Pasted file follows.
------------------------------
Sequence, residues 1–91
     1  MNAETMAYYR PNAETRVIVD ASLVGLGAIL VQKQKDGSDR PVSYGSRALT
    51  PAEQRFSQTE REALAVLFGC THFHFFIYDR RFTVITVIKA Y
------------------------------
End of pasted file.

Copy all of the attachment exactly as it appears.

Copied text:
Sequence, residues 1–91
     1  MNAETMAYYR PNAETRVIVD ASLVGLGAIL VQKQKDGSDR PVSYGSRALT
    51  PAEQRFSQTE REALAVLFGC THFHFFIYDR RFTVITVIKA Y